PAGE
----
Marginal mandibular nerve injury during neck dissection and its impact on patient perception of appearance.

Batstone, Martin D., Scott, Barry, Lowe, Derek and Rogers, Simon N. (2009) Marginal mandibular nerve injury during neck dissection and its impact on patient perception of appearance.. Head and Neck, 31 5: 673-678. doi:10.1002/hed.21013


Author Batstone, Martin D.
Scott, Barry
Lowe, Derek
Rogers, Simon N.
Title Marginal mandibular nerve injury during neck dissection and its impact on patient perception of appearance.
Journal name Head and Neck   Check publisher's open access policy
ISSN 1043-3074
1097-0347
Publication date 2009-05
Year available 2009
Sub-type Article (original research)
DOI 10.1002/hed.21013
Volume 31
Issue 5
Start page 673
End page 678
Total pages 6
Place of publication Hoboken, NJ United States
Publisher John Wiley and Sons
Collection year 2010
Language eng
Formatted abstract
Background. Neck dissection to remove cervical lymph nodes is common practice in head and neck cancer management. The marginal mandibular nerve may be injured during neck dissection, particularly of level 1. The rate of injury to this nerve is underreported in the literature and its impact on patients is not well defined.

Methods
. An observational study was undertaken on patients who had undergone neck dissection over a 5-year period. The patients were examined for weakness and given a questionnaire related their perception of their appearance and their function.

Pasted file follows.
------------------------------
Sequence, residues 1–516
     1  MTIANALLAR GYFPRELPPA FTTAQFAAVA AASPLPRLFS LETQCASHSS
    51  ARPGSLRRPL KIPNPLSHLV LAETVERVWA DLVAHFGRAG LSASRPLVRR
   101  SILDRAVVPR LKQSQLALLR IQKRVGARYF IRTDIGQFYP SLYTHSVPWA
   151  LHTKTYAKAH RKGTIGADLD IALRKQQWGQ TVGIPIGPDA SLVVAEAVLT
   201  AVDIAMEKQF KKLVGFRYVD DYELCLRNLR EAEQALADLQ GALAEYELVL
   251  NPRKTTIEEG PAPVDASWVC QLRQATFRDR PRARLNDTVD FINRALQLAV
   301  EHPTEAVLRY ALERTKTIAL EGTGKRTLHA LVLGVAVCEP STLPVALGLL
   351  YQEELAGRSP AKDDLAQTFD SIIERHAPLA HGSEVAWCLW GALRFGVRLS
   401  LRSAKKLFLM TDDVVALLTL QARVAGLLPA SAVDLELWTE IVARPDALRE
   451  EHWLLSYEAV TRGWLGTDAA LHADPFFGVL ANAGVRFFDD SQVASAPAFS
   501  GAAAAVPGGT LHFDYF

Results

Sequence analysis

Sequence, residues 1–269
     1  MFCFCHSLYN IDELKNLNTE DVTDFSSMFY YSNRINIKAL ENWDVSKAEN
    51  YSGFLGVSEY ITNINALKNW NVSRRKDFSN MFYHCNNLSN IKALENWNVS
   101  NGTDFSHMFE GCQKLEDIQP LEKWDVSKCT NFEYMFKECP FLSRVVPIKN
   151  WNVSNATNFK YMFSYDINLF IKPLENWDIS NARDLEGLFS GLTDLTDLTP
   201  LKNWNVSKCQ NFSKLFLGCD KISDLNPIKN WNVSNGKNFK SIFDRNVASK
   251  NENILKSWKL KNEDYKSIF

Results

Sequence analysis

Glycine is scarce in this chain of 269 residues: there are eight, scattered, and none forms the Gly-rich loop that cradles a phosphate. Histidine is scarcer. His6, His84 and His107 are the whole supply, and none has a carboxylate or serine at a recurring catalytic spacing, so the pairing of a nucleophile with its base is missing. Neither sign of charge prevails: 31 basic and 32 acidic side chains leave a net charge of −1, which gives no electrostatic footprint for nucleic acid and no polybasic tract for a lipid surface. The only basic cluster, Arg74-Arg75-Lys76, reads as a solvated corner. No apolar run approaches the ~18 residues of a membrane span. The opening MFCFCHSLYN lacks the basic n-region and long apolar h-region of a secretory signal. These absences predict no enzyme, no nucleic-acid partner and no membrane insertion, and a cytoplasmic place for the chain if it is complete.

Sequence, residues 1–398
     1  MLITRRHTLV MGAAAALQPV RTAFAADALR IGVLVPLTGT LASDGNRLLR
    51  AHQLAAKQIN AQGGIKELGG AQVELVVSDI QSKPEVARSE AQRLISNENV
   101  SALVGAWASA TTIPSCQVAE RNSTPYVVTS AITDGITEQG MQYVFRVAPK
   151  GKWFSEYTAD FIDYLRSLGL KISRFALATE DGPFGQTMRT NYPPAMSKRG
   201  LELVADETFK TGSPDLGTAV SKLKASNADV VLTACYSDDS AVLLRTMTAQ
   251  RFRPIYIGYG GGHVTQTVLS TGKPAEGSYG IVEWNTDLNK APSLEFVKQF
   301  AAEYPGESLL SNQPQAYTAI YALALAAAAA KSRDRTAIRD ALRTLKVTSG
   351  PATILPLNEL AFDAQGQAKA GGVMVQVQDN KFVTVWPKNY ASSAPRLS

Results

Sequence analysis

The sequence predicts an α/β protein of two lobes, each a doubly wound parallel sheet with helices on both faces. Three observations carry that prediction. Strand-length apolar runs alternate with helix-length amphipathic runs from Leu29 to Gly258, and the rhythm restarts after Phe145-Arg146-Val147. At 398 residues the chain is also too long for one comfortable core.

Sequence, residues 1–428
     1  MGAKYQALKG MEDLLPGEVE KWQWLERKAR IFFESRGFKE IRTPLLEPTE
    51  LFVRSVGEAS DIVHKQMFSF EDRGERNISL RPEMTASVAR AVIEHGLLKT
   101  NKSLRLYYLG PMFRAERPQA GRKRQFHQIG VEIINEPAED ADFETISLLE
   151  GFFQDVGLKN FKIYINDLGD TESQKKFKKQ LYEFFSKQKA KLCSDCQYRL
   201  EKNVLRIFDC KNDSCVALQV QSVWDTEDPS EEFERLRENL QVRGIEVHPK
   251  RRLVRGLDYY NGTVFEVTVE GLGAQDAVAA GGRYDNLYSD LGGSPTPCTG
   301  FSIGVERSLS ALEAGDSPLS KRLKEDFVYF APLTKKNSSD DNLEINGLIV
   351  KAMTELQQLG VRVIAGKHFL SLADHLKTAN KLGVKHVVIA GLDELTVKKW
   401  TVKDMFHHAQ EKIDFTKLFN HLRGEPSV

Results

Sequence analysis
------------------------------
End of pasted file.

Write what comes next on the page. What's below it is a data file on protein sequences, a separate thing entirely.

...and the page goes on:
Results.
Sixty-six patients were identified who had undergone 85 neck dissections. The rate of House Brackmann injury was 18% when analyzed by patient and 23% by neck. There were moderate correlations between observed injury and subjective responses to questions relating to ability to smile and weakness of the lower lip.

Discussion. The rate of smile asymmetry following neck dissection is relatively high; however, severe injuries to the marginal mandibular nerve are uncommon
Keyword Appearance
Facial nerve
Head and neck cancer
Marginal mandibular
Neck dissection
Nerve injury
Q-Index Code C1
Q-Index Status Provisional Code
Institutional Status Non-UQ

Document type: Journal Article
Sub-type: Article (original research)
Collection: School of Medicine Publications
 
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Created: Wed, 07 Aug 2013, 12:34:50 EST by Martin Batstone on behalf of Surgery - Royal Brisbane and Women's Hospital